4 The plateau dynamics 14

4.1 Infinite-size lubricant chains . . . . . . . . . . . . . . . . . . . . . 14

4.2 Finite-size lubricant chains . . . . . . . . . . . . . . . . . . . . . . 22

4.2.1 Size dependence of the CM velocity . . . . . . . . . . . . . 28

4.2.2 Boundary effects on the fluctuations . . . . . . . . . . . . 30

5 Hysteresis 33

6 Conclusions 35

Bibliography 37

4

1 Introduction

We study an atomic-scale friction model derived from the classical Frenkel-Kon-

torova (FK) model. The standard FK model describes the dynamics of a chain

of particles interacting via harmonic springs, and subjected to the action of an

external periodic potential. Recently, on the FK model and related systems,

Braun and Kivshar published an extensive review book [1]. One of the most

interesting features in the standard FK model is the Aubry transition. When the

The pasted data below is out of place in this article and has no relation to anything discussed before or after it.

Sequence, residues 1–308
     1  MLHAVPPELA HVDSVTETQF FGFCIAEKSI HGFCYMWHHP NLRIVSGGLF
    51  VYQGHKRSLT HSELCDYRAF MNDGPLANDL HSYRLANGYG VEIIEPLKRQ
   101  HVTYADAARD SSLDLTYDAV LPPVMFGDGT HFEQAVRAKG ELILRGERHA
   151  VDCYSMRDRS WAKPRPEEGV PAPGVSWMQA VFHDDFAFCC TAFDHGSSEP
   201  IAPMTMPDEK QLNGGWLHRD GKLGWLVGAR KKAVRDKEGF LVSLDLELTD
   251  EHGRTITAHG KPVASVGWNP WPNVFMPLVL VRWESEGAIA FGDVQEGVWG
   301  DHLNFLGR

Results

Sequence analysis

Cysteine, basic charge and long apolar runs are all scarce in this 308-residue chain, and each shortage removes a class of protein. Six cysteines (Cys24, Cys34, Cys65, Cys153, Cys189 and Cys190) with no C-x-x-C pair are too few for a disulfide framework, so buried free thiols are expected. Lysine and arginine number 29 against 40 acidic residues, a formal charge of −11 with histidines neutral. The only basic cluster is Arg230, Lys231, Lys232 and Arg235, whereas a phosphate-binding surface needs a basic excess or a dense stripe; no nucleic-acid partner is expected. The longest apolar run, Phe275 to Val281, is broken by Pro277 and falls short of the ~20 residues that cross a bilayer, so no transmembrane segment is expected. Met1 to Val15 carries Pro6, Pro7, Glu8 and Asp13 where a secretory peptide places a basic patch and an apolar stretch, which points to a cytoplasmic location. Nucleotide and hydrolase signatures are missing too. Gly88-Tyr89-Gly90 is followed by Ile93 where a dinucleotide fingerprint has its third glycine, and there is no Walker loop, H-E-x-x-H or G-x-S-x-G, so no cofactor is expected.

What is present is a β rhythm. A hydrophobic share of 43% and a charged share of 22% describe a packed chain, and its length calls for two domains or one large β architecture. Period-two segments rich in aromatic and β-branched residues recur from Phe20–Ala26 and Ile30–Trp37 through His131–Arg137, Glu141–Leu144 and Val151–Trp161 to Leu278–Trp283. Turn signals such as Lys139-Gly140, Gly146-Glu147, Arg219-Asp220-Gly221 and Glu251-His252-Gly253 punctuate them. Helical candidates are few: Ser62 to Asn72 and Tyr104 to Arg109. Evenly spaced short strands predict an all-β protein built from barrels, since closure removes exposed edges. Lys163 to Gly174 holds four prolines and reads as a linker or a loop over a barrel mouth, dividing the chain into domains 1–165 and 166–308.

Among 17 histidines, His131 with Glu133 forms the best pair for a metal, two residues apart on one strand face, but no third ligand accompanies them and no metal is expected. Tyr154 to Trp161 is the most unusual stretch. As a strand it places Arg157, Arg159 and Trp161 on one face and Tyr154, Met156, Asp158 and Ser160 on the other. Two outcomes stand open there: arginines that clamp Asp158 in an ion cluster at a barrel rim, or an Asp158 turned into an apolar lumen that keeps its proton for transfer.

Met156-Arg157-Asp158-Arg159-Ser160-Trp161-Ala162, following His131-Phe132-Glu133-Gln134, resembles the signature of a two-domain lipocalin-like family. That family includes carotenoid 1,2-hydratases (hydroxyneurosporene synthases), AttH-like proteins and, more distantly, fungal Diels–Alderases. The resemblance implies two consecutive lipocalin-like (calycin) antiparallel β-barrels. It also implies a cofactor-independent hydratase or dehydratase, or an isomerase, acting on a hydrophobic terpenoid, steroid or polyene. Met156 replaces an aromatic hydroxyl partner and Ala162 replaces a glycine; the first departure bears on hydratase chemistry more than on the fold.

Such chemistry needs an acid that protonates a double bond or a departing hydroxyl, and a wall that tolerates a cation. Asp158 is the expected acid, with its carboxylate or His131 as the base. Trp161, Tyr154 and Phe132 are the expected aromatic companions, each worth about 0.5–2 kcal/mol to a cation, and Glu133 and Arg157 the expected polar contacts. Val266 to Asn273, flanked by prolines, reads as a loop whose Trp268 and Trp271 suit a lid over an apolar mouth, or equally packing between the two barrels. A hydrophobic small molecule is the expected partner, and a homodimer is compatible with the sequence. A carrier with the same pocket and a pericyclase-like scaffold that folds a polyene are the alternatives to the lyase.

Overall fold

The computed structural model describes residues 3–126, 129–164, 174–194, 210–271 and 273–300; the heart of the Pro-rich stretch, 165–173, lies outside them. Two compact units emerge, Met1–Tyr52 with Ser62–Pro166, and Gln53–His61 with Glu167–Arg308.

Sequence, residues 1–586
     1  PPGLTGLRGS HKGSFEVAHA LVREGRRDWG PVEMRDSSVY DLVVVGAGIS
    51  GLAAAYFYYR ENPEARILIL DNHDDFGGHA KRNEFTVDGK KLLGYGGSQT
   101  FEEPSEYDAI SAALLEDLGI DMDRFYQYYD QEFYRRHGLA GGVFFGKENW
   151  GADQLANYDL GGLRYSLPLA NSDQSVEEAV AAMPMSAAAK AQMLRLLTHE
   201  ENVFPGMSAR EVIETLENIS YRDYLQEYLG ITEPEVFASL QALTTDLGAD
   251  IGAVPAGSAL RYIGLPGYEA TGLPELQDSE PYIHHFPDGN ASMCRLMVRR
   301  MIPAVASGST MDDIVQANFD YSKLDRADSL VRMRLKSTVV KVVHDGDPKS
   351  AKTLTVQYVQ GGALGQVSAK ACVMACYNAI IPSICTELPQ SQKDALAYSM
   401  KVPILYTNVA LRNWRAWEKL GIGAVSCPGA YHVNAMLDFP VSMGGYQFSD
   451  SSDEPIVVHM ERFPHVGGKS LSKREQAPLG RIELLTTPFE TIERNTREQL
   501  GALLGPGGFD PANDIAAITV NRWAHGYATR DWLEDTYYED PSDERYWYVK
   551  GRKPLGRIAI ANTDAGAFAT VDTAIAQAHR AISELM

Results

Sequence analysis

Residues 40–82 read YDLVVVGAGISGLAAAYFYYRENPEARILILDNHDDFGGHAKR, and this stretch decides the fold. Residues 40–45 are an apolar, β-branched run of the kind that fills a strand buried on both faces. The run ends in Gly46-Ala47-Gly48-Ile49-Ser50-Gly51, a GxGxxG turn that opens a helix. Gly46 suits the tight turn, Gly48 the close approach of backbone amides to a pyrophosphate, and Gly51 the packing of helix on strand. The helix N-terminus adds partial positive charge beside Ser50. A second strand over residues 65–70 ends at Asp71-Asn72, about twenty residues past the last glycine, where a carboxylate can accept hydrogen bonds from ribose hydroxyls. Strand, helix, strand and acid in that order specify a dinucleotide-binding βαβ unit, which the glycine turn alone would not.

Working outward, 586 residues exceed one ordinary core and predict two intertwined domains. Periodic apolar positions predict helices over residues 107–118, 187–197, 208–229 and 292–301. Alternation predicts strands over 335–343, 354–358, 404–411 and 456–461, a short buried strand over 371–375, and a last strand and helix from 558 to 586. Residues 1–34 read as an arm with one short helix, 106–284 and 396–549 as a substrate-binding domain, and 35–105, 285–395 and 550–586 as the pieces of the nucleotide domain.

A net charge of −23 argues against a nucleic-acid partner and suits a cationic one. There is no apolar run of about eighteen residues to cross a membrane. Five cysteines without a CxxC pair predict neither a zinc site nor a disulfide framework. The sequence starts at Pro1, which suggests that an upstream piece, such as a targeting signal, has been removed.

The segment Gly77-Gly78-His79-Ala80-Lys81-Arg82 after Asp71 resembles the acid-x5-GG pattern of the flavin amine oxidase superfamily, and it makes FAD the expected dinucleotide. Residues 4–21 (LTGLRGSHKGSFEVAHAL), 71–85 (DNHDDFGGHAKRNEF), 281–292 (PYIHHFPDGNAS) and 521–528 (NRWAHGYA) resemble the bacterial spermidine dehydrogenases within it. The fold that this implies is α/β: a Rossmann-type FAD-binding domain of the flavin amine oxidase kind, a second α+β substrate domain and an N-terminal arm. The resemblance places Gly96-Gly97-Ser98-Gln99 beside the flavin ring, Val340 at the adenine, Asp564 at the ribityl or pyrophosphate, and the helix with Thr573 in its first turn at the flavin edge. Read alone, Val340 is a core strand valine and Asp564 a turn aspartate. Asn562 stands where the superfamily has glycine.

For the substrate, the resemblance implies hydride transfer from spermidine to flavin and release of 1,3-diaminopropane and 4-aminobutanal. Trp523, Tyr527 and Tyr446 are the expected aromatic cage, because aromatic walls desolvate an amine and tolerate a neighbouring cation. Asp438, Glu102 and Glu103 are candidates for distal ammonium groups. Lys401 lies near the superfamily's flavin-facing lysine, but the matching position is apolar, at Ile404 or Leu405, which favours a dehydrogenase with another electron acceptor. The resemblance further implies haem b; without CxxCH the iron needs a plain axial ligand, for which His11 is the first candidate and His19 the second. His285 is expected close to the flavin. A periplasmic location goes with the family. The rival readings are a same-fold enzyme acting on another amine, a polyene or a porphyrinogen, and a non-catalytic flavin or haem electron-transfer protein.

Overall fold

ratio between the period of the external potential and that of the free chain is

commensurate, for any spring stiffness K the chain is pinned to the substrate,

and a finite driving force is needed in order to start sliding. In the irrational case,

otherwise, a critical value of K exist, KAubry, so that for K > KAubry the system

is unpinned: sliding begins under any nonzero applied force. For K < KAubrythe system remains pinned, as in the commensurate case [2].

Variations of the standard FK model including multiple chains have been

studied and look promising for the simulation of inter-facial slip. Other applica-

tions have been found in several fields, including dislocation dynamics, adsorbed

atomic layers, incommensurate phases in dielectrics, lattice defects, magnetic

chain and hydrogen-bonded chains [1]. In recent years, more possible applica-

tions appeared in the study of vortex matter [3], novel topological defects [4]

and high-Tc superconductors. Due to the current hype on nanotechnologies, the

FK model as also been employed to explain the basic principles of atomic-scale

engines [5].

In this work we analyze the velocity quantization phenomena recently found

in the classical motion of an idealized 1D model solid lubricant, consisting of a

harmonic infinite chain interposed between two periodic sliding potentials [6, 7].